YourABA: June 2013
YourABA June 2013 Masthead

Take implicit bias out of the hiring process

It is essential to identify prospective new hires who have great skills and will fit into the culture of your firm. However, based on a vast amount of data derived from the Implicit Association Test, it is clear that ingrained, unconscious biases may cause us to perceive others based on stereotypes rather than on individual merit.

The IAT can measure your implicit attitude toward many different groups. For example, there are tests to measure your implicit bias based on race/ethnicity, skin tone, religion and many other factors.

Data from the IAT show that the advancement of women is hampered by stereotypes linking women to home and family. A study also shows that when evaluating identical résumés, participants were more likely to interview an attorney with a name more often identified with Caucasian Americans rather than a name identified with African-Americans.

So how do employers ensure that it is more likely that optimal hiring decisions are made consistently? The Young Lawyer offers these tips:

  • Have members of the interview team measure their biases by taking the IAT. Once you are aware of your personal biases, you can be motivated to change your reaction based on personal values. Remain alert to your implicit preferences and recognize that they may intrude into your judgment about a candidate.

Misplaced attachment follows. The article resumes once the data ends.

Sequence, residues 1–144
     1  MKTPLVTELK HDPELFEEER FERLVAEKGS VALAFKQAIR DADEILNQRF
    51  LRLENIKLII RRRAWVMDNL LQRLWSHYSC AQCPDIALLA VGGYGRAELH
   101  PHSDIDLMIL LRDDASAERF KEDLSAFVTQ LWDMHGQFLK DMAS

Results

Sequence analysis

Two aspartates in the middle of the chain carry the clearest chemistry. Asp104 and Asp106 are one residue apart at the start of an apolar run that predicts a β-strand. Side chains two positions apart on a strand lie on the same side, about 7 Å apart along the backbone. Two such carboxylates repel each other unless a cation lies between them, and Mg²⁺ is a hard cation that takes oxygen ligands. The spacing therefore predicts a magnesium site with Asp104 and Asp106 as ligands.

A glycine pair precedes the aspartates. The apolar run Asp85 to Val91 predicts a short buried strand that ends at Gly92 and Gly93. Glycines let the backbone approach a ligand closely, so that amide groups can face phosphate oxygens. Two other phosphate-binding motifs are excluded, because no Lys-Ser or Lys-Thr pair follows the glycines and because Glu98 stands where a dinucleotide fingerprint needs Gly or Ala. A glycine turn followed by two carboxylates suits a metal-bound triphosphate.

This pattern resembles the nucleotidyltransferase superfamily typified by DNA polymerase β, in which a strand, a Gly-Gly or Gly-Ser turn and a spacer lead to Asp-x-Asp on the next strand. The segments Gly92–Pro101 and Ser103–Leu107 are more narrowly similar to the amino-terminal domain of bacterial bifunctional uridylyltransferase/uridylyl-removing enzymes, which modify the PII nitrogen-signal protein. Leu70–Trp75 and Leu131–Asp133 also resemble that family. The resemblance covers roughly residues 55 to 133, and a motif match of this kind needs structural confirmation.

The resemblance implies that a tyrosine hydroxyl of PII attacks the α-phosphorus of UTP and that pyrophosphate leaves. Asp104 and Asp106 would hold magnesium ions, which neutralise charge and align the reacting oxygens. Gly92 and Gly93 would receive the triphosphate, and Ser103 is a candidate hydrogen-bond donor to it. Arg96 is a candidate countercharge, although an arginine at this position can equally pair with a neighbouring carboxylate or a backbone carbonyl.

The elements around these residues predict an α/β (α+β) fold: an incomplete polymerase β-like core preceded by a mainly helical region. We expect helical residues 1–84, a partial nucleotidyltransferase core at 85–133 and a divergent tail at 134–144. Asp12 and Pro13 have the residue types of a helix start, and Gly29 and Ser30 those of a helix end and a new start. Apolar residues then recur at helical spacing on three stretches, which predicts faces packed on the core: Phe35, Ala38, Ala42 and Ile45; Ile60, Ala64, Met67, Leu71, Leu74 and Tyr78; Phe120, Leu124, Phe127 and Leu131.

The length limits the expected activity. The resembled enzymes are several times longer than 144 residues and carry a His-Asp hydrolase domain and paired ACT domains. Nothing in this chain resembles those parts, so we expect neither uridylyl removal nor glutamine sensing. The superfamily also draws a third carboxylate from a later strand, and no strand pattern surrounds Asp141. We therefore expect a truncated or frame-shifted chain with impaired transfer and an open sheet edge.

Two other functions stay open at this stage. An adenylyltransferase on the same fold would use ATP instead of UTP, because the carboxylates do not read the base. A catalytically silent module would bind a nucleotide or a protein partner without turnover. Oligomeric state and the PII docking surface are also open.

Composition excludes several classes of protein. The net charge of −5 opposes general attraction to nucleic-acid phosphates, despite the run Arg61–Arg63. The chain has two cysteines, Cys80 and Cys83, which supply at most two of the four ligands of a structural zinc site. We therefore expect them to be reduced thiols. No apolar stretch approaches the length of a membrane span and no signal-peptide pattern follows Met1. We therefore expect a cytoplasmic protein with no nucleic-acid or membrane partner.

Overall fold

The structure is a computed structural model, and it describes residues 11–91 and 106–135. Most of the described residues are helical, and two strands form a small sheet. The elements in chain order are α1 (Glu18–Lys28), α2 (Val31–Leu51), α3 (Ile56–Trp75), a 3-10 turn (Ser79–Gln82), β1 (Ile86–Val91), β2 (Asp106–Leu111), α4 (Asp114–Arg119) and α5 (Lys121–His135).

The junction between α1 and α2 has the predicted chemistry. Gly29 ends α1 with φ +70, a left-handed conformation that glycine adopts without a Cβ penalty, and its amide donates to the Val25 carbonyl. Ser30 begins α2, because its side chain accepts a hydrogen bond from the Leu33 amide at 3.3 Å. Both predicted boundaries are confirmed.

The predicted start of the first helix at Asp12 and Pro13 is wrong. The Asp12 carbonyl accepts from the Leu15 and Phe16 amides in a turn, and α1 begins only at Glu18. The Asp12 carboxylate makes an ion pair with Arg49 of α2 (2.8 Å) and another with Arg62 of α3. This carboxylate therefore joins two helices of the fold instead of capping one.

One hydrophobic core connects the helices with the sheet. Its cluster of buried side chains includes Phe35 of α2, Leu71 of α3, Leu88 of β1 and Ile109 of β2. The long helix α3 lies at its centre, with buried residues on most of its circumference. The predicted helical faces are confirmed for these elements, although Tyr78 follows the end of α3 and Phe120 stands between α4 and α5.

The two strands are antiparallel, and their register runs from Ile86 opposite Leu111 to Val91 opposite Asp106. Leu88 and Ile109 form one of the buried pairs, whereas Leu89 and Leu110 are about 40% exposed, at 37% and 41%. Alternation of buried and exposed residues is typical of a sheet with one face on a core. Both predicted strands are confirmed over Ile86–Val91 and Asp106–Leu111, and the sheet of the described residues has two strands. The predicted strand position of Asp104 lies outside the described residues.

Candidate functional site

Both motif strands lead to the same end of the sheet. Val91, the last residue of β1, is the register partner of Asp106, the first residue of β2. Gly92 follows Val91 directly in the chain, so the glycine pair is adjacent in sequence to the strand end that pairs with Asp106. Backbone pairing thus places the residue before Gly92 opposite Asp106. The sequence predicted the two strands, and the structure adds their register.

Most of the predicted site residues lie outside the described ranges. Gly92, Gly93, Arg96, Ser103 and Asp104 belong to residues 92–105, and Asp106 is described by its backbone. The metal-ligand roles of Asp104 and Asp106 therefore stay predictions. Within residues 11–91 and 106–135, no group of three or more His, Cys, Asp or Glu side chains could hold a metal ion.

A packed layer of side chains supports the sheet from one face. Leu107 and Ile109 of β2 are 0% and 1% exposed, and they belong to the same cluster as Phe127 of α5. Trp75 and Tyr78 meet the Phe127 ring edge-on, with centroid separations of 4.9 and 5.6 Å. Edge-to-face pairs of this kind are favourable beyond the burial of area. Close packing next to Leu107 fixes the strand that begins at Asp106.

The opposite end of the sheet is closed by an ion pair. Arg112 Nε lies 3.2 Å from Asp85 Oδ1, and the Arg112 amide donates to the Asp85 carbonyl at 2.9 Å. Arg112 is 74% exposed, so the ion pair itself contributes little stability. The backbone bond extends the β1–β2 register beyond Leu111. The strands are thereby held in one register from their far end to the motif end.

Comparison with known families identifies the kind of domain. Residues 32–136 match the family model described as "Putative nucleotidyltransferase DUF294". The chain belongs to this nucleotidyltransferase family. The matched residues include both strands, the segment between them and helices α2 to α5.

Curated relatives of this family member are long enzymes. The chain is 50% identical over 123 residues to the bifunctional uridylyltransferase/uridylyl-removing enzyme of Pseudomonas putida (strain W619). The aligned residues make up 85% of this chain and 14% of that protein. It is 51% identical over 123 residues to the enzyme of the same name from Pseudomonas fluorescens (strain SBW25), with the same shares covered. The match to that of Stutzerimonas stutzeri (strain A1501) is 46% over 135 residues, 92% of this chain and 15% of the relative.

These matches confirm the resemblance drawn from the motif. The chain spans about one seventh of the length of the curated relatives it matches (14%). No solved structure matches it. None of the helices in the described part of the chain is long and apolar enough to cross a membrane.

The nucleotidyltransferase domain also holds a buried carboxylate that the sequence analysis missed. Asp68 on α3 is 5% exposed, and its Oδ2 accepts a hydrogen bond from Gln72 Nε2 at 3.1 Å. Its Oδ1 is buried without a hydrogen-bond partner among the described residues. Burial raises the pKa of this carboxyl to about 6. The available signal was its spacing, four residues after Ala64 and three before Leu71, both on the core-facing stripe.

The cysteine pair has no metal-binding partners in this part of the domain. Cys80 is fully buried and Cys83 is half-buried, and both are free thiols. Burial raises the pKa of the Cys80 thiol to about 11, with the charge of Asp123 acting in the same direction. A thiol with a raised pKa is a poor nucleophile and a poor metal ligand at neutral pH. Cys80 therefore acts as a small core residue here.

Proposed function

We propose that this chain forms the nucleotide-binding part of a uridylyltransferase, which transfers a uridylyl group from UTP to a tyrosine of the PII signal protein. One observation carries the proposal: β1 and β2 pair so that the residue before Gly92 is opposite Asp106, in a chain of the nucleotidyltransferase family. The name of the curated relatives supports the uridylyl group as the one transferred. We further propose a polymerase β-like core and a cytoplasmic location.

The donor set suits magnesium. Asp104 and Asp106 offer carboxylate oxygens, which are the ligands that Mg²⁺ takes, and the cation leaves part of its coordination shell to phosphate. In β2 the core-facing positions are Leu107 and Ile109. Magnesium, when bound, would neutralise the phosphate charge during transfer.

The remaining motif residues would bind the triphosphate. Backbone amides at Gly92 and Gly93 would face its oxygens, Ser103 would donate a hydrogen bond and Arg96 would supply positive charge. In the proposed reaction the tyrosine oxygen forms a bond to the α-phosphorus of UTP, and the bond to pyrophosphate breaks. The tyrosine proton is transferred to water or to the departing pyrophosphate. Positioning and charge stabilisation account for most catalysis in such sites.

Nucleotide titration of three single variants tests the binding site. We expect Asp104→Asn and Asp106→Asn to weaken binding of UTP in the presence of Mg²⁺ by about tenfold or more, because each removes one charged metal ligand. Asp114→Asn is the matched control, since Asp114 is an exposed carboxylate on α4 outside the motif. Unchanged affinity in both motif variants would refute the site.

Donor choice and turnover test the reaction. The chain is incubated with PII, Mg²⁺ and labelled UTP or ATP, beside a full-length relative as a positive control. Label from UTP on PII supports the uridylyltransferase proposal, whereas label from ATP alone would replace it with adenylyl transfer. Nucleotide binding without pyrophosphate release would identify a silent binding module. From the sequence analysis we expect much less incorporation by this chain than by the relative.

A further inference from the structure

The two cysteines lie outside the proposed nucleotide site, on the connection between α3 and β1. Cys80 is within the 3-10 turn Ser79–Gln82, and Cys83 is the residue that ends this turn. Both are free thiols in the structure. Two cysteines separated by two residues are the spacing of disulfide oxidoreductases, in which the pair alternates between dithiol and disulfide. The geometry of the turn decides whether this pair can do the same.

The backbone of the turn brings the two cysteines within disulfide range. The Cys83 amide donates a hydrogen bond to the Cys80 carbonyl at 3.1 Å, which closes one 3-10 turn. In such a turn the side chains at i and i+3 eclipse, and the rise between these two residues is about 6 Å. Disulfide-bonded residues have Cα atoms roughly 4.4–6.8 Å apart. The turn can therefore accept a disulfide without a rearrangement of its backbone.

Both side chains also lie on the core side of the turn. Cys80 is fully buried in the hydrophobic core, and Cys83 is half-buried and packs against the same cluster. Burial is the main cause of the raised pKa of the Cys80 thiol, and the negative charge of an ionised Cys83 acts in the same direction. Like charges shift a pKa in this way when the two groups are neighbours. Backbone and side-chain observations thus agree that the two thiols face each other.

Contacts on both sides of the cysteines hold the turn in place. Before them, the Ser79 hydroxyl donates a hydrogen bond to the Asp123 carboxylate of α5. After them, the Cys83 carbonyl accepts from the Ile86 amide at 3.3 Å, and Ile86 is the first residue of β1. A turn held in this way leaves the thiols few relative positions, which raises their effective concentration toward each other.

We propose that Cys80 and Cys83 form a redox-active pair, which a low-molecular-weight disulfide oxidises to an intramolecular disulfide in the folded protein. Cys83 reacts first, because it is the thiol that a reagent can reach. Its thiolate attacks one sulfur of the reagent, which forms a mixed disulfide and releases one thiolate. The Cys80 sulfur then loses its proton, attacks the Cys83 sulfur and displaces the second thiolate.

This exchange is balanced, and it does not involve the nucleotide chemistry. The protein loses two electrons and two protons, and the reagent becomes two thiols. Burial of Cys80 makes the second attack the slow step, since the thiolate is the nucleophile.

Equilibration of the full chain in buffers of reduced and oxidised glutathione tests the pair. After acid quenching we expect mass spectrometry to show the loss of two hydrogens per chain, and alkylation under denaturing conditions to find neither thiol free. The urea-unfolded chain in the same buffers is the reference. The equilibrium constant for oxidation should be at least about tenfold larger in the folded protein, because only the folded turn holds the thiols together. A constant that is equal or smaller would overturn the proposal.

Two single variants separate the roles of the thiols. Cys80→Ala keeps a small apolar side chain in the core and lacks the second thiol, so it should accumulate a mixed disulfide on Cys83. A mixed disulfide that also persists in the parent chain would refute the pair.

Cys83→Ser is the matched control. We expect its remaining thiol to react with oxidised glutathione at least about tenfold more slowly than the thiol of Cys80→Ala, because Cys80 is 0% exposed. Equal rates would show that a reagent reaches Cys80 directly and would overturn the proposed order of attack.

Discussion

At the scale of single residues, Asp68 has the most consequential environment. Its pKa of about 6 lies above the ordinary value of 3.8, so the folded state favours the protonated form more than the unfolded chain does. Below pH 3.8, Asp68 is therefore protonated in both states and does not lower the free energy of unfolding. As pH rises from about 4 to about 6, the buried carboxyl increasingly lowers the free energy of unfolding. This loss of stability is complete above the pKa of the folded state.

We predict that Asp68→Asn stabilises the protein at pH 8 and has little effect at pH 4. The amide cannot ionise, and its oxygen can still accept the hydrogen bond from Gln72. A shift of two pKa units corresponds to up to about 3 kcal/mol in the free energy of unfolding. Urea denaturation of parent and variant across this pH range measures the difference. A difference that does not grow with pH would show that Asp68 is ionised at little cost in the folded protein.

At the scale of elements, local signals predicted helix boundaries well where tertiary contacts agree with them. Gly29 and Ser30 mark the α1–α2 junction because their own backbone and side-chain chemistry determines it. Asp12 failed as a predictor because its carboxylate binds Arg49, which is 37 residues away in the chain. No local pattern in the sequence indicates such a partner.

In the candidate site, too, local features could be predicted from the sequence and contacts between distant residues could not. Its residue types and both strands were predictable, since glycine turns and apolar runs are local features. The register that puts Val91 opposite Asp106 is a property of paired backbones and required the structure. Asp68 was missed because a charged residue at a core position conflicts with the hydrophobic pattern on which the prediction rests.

• Define the traits and skills required to do the job before the interview process begins and stay focused on them.
  • Use behavioral interviewing techniques. These techniques help to remove bias and subjectivity from the interviewing process, as the interviewers are probing for how the candidate reacted in various situations to help gauge whether the candidate will fit into the culture of your business. For example, ask candidates to describe a situation in which they received feedback that they did not agree with and how they incorporated that feedback into their behavior.
  • Have a deliberative hiring process. Remember that decisions made quickly without time for reflection are more prone to correlate to your stereotypes about people.

The Young Lawyer is a publication of the Young Lawyers Division.

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